Lots of people don’t know what it means to have a premature baby. I didn’t know either, before I had my baby. Charlie was born at 25 weeks, weighing 1 pound 15 ounces.
If you had told me that I, a healthy person with not a single complication in my first 25 weeks of pregnancy, would have a baby before I even reached my third trimester – I’m not sure I would have believed it. And yet, it happens, WAY more than it should. Yes, it sometimes happens to moms who don’t have access to good prenatal care. But it also happens to moms who do take care of themselves, who get prenatal care… moms like me.
In this day and age, where doctors can predict, know, and treat so much, the miracles of fertility, pregnancy and prematurity are still mysteries in a lot of ways. In our case, we still don’t know for sure why Charlie came early – and why there were no advance signs that gave the doctors any chance to prepare him for an untimely arrival.
My “incompetent cervix” (worst medical term ever, by the way) was part of the problem, but the fact that my body was contracting and ready to birth a baby at just 25 weeks was another, totally unexplained, part of the problem. And between the time I walked to the hospital that morning and he was born that afternoon, there just wasn’t enough time for them to do anything to keep him inside a few more precious days. Those days really are precious, too. That early in gestation, every week increases the chances of survival a lot, and likely reduces the number of complications the baby is going to face. Unfortunately for us, by the time they knew I was in labor, there was no stopping it or even slowing it down.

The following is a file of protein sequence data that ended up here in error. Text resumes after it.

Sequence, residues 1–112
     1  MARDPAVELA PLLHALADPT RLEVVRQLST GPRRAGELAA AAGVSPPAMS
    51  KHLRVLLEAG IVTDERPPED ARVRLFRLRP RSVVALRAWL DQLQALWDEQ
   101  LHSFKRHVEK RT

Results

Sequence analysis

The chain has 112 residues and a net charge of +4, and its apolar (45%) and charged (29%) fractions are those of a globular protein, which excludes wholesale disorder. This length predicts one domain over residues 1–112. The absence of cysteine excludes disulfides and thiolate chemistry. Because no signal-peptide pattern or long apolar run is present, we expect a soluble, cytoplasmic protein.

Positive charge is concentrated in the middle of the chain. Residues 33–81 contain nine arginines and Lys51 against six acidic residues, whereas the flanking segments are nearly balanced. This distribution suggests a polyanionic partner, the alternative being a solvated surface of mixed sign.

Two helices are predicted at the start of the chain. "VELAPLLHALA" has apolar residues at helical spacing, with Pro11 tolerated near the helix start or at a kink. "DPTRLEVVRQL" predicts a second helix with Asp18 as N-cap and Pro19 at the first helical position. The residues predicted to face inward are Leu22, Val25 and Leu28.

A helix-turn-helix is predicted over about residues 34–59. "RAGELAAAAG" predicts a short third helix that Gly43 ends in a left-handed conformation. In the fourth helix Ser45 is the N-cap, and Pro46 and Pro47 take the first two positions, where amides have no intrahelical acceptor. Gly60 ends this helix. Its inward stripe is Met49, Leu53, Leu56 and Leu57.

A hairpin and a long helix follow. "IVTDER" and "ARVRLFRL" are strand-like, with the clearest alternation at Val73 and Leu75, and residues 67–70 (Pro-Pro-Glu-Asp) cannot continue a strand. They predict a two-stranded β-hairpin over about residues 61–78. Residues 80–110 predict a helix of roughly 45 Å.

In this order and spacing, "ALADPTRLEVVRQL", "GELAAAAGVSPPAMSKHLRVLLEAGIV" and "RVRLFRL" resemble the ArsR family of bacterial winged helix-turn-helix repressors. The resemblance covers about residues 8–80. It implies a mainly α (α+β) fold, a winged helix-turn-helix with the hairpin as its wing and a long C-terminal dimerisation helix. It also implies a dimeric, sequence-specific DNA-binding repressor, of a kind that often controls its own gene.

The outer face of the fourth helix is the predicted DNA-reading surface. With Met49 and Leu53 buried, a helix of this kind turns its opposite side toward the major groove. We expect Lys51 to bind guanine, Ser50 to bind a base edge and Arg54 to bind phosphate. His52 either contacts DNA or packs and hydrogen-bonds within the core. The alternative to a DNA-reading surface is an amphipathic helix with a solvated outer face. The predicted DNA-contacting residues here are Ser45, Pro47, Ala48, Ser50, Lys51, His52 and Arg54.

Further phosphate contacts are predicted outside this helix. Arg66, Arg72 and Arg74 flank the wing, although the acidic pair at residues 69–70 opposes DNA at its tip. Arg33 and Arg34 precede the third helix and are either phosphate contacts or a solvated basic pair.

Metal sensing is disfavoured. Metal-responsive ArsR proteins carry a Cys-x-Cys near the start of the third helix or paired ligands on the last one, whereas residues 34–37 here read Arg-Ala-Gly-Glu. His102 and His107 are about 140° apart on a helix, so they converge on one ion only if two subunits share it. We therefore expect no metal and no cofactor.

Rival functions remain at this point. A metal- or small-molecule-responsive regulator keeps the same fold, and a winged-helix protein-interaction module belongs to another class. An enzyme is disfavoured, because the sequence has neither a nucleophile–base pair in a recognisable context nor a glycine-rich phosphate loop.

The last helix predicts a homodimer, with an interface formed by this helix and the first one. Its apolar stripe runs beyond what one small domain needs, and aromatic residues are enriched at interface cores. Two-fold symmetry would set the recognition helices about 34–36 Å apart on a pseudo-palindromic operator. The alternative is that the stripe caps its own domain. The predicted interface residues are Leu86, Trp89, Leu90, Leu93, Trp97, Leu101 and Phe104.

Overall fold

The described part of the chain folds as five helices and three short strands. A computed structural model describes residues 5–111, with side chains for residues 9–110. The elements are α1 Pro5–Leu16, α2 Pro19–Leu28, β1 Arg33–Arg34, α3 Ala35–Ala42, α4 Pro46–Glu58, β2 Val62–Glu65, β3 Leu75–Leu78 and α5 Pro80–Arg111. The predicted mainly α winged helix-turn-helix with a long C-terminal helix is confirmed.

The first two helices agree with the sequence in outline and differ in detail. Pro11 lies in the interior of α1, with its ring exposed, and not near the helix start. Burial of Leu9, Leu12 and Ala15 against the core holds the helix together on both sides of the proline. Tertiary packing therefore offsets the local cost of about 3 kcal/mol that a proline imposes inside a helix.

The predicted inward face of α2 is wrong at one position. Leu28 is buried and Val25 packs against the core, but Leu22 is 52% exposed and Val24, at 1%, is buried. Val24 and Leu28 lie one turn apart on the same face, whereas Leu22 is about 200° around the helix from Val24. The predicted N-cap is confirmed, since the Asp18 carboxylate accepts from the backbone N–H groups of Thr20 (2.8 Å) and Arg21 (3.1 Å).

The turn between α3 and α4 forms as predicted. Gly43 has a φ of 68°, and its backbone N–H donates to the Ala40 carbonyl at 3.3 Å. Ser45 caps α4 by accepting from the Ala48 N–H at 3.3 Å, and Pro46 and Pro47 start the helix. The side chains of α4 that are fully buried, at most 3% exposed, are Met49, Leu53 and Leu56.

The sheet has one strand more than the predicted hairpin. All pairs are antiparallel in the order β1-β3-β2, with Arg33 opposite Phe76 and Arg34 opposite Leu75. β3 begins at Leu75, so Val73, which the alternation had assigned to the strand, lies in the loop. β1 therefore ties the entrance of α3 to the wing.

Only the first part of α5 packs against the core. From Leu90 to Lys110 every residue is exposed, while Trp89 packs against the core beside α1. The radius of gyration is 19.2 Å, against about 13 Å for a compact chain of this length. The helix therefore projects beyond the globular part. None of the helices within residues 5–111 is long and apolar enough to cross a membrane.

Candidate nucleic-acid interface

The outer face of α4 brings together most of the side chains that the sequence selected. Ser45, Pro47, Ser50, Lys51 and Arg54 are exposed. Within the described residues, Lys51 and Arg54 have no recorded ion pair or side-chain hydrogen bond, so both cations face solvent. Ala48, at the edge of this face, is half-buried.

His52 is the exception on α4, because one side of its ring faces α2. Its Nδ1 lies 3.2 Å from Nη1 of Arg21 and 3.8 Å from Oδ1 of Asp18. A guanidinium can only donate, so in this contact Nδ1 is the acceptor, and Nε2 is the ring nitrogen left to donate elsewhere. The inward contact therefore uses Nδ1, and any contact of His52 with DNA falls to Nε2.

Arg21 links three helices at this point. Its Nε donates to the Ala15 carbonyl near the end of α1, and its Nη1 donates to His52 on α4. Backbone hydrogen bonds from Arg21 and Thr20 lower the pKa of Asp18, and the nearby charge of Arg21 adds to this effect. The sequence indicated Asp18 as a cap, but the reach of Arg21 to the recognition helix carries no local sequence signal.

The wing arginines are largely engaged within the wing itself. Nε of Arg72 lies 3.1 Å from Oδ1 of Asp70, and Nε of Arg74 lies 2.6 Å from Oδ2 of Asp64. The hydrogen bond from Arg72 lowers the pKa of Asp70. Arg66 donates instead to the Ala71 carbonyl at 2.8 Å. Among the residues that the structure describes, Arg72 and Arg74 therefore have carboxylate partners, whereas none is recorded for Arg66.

Our story has a happy ending – at least at this point! Our boy is happy, a total handful, and most importantly, healthy – for the most part, although the hacking cough he has right now might indicate otherwise. Today I picked him up from school, and he and his best buddy (another Charlie) wanted to run wild on the playground a bit before heading home – all that time sitting in a classroom is hard on a first grade wild man! So they ran – and then they both planted themselves on a bench and coughed and coughed, like little old men. The common thread? Both are preemies. Coincidence that they’re the ones hacking when the other kids are running non-stop? I think not. I think these former preemie lungs seem to be more impacted by this unusually warm, moist fall we’re having – and by pollen-heavy springs, and pollution, etc. Though our boy grows and grows, his premature past still rears its ugly face here and there.
I recognize that we are CRAZY lucky to have such a vibrant, busy, healthy boy. I think most moms probably reflect all the time on their kids’ successes and strengths and feel pride and joy. But for me, there’s the added reminder of what could have been. I can guarantee you, I take none of these skills and accomplishments for granted. I think ALL THE TIME about the tears I shed over that tiny, struggling baby in the isolette, and how the life I’m living now was the stuff of daydreams back then. And I will never forget where we started, and just how far he’s come.
So that’s it, that’s why this month is important to me. Prematurity awareness is important because it helps people realize that it really matters to support the March of Dimes, which works constantly to reduce the numbers of premature babies born every day. And it’s important because it reminds me to be oh so grateful for how far we’ve come, and how many doctors and nurses and therapists and scientists and family and friends have helped us get here.
Marie lives in Alexandria, Virginia, with her husband and Charlie. Charlie was born at 25 weeks and weighed 1 pound 15 ounces at birth. He spent 85 days in the NICU at George Washington University Hospital in Washington, DC.